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"(We are) at a time when companies lose an estimated $200 billion annually in absenteeism, subpar performance, tardiness, and workers' compensation claims related to stress…'If businesses were clever, what they would do is simply put time aside [and have] a quiet room for people to carry out a meditative behavior of their choice,' says Herbert Benson, M.D."Business Week
August 30, 2004
COMBAT JOB STRESS
Try some of the following ways to cope with job stress:

Start off your day with breakfast.
Occasionally change your routine by meeting a friend or co-worker for breakfast. Allow time to relax and enjoy it.
Instead of drinking coffee all day - drink fruit juice.
Find some time during the day to meditate or listen to a relaxation tape.
Organize your work priorities.
Don't try to be perfect. Don't feel like you have to do everything.
Avoid doing 2 or 3 or more things at a time.
If possible, reduce the noise level in your environment.
Speak up about petty annoyances while respecting other's feelings.
Develop a co-worker support network.
Don't take your job home with you or on breaks.
Always take a lunch break (preferably not at your desk).
Optimize your health with good nutrition, sleep and rest.
Get regular exercise.
Develop with co-workers your own brand of happy hour, parties, birthday celebrations and other events that act as a break in the work routine.
Look at unavoidable stress as an avenue for growth and change.
Avoid people who are "stress carriers".
Avoid people who are "negaholics".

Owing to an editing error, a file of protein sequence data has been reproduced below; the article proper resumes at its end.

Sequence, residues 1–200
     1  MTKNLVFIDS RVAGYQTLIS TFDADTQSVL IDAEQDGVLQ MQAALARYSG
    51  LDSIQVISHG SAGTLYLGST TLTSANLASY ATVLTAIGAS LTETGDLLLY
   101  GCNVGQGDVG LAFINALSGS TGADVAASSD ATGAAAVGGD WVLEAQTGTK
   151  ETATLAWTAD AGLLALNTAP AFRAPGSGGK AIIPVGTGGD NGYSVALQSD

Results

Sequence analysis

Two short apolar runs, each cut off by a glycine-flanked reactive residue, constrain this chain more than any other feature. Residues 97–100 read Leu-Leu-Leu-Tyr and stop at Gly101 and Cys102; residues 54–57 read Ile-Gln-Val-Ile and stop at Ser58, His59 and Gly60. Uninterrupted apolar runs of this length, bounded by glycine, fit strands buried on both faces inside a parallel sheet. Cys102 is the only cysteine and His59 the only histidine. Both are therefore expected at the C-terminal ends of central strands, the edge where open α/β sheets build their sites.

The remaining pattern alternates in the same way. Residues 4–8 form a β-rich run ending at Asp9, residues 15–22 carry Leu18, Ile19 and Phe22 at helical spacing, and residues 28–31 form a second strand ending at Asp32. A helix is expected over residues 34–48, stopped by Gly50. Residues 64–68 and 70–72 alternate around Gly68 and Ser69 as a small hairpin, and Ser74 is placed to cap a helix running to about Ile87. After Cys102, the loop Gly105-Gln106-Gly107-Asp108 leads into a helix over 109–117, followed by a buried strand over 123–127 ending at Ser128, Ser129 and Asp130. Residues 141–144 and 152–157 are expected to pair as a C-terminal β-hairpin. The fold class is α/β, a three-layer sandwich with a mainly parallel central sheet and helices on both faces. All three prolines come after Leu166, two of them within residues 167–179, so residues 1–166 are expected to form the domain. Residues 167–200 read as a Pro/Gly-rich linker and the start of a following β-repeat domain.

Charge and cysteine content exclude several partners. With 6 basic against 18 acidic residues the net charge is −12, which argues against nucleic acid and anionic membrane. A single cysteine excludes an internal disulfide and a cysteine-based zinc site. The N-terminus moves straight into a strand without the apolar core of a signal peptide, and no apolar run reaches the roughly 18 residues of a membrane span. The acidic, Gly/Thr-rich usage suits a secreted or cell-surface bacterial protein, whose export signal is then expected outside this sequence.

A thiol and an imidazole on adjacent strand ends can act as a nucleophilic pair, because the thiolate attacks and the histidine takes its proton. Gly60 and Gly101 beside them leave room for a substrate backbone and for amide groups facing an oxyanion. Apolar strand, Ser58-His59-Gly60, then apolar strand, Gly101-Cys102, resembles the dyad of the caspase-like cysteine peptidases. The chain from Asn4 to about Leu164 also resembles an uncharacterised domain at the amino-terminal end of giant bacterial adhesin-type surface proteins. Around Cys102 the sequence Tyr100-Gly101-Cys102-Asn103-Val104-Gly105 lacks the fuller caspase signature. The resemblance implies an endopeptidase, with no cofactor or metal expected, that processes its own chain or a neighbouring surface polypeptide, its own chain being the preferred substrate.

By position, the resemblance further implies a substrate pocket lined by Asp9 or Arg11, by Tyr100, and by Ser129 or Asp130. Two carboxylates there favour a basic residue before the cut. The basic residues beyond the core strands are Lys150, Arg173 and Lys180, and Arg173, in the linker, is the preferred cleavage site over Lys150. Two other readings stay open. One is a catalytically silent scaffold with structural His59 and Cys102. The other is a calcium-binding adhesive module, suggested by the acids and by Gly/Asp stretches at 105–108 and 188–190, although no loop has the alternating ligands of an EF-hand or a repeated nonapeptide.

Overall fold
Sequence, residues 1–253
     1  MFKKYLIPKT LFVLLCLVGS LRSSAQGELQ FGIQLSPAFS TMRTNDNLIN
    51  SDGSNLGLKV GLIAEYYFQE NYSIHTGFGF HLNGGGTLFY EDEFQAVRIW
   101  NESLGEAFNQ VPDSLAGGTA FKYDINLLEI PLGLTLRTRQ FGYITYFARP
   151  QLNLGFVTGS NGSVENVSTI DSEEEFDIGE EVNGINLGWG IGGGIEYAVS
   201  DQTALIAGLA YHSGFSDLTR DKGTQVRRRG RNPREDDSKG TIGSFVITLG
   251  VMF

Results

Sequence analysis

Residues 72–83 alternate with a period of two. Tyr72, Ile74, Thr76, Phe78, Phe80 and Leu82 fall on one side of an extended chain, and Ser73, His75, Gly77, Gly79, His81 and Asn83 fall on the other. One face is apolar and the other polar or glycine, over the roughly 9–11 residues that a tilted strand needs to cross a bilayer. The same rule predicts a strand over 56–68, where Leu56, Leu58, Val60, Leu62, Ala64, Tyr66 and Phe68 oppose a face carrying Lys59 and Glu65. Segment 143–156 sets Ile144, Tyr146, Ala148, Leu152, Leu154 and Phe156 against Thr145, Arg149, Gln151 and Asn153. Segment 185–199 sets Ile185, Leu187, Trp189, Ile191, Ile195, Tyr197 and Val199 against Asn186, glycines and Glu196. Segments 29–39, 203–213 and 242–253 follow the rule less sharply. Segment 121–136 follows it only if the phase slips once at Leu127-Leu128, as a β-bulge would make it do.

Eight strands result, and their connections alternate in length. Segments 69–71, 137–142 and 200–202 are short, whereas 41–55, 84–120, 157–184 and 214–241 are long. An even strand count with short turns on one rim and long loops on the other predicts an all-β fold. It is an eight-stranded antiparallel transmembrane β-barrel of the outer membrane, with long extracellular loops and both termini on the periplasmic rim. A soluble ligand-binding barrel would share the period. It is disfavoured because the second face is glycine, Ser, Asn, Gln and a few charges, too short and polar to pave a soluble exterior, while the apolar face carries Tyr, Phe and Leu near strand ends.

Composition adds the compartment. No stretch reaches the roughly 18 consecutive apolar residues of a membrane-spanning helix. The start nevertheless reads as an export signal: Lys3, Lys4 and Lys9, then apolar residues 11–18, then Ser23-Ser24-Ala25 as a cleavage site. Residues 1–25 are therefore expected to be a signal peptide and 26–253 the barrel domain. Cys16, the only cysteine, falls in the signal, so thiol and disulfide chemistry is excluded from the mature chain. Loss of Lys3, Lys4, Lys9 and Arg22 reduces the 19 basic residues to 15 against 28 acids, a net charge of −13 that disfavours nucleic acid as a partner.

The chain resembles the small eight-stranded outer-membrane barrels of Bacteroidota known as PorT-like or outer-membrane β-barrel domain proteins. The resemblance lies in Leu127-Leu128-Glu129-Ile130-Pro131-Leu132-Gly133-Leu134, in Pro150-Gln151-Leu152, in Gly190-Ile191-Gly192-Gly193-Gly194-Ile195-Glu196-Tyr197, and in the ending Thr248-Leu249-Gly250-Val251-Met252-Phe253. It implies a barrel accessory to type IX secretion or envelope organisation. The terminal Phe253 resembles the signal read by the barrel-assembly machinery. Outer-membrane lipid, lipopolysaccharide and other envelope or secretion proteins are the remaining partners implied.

Don't watch the 11 pm news.
Give yourself praise strokes.
Develop interests outside your job through family, friends, and volunteer activities.
Cultivate hobbies, and take special weekends and vacations. Treat yourself to "new and good things".
Be assertive. Learn to express your needs and differences, to make requests, and to say "no" constructively.
Seek out emotional resources available to you that are close at hand - coworkers, spouse, friends and family.
Don't be afraid to ask questions or to ask for help.
Allow extra time to get to appointments.
Take deep breaths when you feel stressed.
Try to find something funny in difficult situations.
Find ways to protect yourself ... take a "mental health day".

More Information
To learn more, contact Marilyn Wilcher at 617.991.0102 x208
or email mwilcher@mbmi.org
Stress and Performance
Combat Job Stress
Relax Your Body at Work
News Clips
Relaxation CD-ROM
Herbert Benson, MD President,
Mind Body Medical Institute and
Mind Body Medical Institute Associate Professor of Medicine,
Harvard Medical School.